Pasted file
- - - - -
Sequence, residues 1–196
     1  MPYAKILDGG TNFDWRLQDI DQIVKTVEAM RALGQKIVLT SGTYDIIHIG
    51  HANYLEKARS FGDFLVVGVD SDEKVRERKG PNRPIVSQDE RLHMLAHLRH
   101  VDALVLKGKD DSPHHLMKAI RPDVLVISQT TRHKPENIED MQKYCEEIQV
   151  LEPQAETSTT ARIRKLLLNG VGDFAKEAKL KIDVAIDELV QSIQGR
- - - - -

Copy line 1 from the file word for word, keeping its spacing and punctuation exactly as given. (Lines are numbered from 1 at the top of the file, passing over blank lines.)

Sequence, residues 1–196